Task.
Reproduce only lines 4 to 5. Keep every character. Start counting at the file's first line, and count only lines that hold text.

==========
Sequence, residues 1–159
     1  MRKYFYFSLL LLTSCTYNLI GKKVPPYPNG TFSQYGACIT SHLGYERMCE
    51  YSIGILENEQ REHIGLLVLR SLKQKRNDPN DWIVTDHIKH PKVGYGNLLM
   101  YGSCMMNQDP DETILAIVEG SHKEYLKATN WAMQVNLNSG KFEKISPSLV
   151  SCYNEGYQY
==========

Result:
   101  YGSCMMNQDP DETILAIVEG SHKEYLKATN WAMQVNLNSG KFEKISPSLV
   151  SCYNEGYQY